He has performed for kings, queens and presidents. Over the decades he has racked up Grammy awards, Emmys and countless international accolades. Twenty years ago, he had already earned honorary degrees from Harvard, Yale, Brandeis and Yeshiva Universities.
When you watch Itzhak Perlman joyously and furiously performing on his violin, you follow fancy notes hurtling through the air and allow yourself to be seduced by the romance of the moment.
A long, long time ago, we sat in his living room on the Upper West Side, and he was handed a children’s book called Fiddler to the World. He groans at the title. He’s never seen it before. “Does it say it’s an unauthorized biography?” he asked.
No, it didn’t: but the jacket mentioned that the book was written for children by Carol Behrman, a former school teacher from Fair Lawn, New Jersey, and that “from his birth to today he has worked tirelessly—but always with great joy—to make classical music as accessible as possible through concerts and recordings, or with Oscar the Grouch on Sesame Street.”
In a universe of giant egos, his warmth, modesty and candor were, and still are, refreshing, He said, “Anyone who believes his own press clippings and PR is in trouble. It’s not constructive. My job is to do the best I can. Sometimes I wonder if the reviewer and I were at the same concert—I prefer to keep probing, expanding and training, because it’s what I do with music that counts.”
The couch I was sitting on threatened to engulf me, so I settled myself on the floor, close to the coffee table, near my tape recorder and notebook. “So, shoot!” he commanded.
Did he ever get carried away, musically floating off into space? He accused me of being a romantic. I pled guilty and got a down-to-earth response. “It’s a combination of being very involved in the music and bringing it to the audience. I am aware when things are going well for me, when I’m enjoying myself, but I must keep my mind on what I do.”
When he was 5, Itzhak was given his first real violin and, shortly afterward, enrolled in the Tel Aviv Academy of Music. By age 9, he had developed “a good sound, a sound that would not want to make you throw things or run out of the house.”
Word spread about this talented kid and he began winning scholarships and the attention of Israel’s serious music teachers. Isaac Stem said that even at age 10, a Perlman performance was extraordinary. “It had a quality that demands you listen… it doesn’t ask permission.”
And then one day, just like in the movies, Itzhak Perlman was discovered by America when Ed Sullivan, the popular TV host who brought the Beatles to America, found himself in a Tel Aviv auditorium during an Itzhak Perlman performance. “I’ve got to have that kid on my show,” he told his wife. And he did.
Itzhak toured with The Ed Sullivan Cavalcade of Stars, an all-Israeli troupe that was co-sponsored by the Zionist Organization of America. After the tour was over, he and his mother waited in the U.S. for his father to sell his business and join them in New York. Itzhak supported his mother by playing the Jewish community dinner circuit. “The America-Israel Cultural Foundation gave us some money,” he recalls, “and I got a scholarship from Juilliard, but I earned our living by doing fundraising dinners for UJA, ZOA and Israel Bonds. The fees kept us going.”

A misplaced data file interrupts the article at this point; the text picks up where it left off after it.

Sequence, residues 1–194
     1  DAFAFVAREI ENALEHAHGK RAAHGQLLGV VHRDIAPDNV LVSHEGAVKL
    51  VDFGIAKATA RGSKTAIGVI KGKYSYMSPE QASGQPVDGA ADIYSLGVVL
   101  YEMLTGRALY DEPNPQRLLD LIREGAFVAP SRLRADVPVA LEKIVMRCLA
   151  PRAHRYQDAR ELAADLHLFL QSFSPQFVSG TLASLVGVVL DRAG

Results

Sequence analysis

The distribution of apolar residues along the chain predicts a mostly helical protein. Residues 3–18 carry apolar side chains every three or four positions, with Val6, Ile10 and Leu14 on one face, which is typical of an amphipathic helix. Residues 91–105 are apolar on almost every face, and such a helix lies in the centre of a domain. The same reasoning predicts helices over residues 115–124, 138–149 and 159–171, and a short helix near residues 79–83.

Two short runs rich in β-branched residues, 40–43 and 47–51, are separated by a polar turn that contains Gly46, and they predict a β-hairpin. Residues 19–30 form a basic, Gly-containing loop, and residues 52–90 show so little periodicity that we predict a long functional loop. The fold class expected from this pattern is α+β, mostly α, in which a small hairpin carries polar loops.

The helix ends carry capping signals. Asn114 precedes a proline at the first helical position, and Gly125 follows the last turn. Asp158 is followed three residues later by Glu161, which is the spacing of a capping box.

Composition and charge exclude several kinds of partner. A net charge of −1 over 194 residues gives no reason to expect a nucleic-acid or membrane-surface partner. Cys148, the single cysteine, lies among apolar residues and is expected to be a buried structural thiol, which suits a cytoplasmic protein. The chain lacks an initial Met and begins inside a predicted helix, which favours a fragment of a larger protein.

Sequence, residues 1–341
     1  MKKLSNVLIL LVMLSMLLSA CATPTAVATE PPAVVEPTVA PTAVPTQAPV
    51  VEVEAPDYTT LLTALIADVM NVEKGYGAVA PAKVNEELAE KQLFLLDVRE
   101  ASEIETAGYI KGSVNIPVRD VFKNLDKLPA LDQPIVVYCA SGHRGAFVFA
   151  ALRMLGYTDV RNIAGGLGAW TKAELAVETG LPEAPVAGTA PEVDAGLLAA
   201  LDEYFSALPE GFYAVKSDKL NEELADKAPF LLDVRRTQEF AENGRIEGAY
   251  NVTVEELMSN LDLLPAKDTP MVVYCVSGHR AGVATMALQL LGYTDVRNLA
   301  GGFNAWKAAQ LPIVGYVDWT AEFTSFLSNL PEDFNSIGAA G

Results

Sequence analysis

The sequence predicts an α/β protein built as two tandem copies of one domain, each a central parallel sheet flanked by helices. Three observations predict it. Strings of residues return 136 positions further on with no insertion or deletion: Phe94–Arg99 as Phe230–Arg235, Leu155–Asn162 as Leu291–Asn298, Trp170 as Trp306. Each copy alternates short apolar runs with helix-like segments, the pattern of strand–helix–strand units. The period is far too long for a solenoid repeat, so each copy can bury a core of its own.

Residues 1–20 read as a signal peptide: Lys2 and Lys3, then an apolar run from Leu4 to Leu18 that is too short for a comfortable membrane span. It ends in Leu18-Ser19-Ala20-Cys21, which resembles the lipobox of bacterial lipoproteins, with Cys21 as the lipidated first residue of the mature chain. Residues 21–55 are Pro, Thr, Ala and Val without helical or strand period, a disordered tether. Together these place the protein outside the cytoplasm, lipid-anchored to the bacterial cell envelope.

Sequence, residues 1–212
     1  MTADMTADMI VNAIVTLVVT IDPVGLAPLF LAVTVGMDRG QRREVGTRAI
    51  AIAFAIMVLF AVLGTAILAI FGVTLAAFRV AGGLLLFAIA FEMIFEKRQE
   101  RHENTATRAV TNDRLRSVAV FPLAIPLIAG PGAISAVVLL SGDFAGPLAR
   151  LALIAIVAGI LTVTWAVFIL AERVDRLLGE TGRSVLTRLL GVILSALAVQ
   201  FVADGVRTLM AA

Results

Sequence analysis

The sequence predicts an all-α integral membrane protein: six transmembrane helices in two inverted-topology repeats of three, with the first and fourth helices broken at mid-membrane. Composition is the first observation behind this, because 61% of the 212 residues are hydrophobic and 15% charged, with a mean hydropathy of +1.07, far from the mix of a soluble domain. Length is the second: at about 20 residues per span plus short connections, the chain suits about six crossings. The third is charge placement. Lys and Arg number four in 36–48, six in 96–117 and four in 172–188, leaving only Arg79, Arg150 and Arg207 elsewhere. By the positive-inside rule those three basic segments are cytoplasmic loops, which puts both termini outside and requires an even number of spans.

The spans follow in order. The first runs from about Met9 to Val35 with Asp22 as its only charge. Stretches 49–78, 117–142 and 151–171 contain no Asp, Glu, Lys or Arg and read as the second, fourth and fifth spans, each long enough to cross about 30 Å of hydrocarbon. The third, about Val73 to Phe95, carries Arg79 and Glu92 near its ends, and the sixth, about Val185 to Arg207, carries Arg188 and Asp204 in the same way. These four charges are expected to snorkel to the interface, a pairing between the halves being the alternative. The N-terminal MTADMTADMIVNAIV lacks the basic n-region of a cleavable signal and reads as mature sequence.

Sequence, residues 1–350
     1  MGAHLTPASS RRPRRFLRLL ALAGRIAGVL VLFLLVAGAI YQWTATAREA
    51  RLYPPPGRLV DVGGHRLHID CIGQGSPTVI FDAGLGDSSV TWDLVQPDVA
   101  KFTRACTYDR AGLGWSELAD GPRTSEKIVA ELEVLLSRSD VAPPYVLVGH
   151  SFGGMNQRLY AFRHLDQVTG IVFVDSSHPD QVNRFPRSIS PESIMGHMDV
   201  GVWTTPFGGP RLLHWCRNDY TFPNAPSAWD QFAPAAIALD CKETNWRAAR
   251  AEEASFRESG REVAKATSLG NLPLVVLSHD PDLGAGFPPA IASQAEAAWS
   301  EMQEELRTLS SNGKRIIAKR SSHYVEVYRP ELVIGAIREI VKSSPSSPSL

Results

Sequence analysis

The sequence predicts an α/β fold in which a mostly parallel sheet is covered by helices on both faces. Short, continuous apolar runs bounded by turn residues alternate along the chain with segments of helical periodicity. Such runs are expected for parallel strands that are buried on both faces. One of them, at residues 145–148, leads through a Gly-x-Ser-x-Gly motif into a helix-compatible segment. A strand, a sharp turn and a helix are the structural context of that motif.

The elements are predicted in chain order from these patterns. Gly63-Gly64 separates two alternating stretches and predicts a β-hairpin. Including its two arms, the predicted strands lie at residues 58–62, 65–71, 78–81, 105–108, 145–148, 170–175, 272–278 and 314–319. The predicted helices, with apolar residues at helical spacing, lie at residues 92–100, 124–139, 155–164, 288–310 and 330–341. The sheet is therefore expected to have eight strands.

Those dinners were his toughest audiences. “The events would take place in the old Statler Hilton or at the Waldorf-Astoria, and around midnight I would go out there and play ‘Flight of the Bumblebee’ or ‘Nigun’ by Ernest Bloch. I would be competing with audience fatigue, never mind my own fatigue. By that time, the audience would have had it; they’d be ready to go home. But it was a good experience, because later, when I started to play professionally, it was an easy transition for me. In fact, it was refreshing to appear in front of audiences that actually wanted to hear me perform.”
After wandering from dinner to dinner to please a tough Jewish crowd, one can’t help but ask, “What would be your definition of Yiddishkeit?”
“What is Yiddishkeit all about?” he avoids an answer, smiling.
“I often wonder what it means myself,” I respond.
Perlman laughed at that and then rubbed his hand across his forehead, from one side to the other. “Do you know what that means?” he asked. “Too bad we’re not on video. My hand is a wandering Jew, going from temple to temple.”
Then he said, “Yiddishkeit is all about helping the needy…whoever or wherever they are. An example of Yiddishkeit would be something that happened after an earthquake shook Egypt. A few hours after it hit, Israeli Prime Minister Yitzhak Rabin offered his government’s assistance to the victims. That is Yiddishkeit. Essentially,” he concluded, “Yiddishkeit means that we should make the world a better place.”
It’s a simple, straightforward message from an idealist who tries to do exactly that and never shied away from offering his opinions to American leaders in Congress. Through the universal language of music, Itzhak Perlman, in his own unique way, fulfills the commandment defined by his “Yiddishkeit.” And on March 31, at Carnegie Hall, he will be giving his precious time and talent to the National Yiddish Theatre-Folksbiene, bringing Yiddish music and the Yiddishkeit that fuels it, to life—for an audience eager to ride his music into the spirit of the past and the future.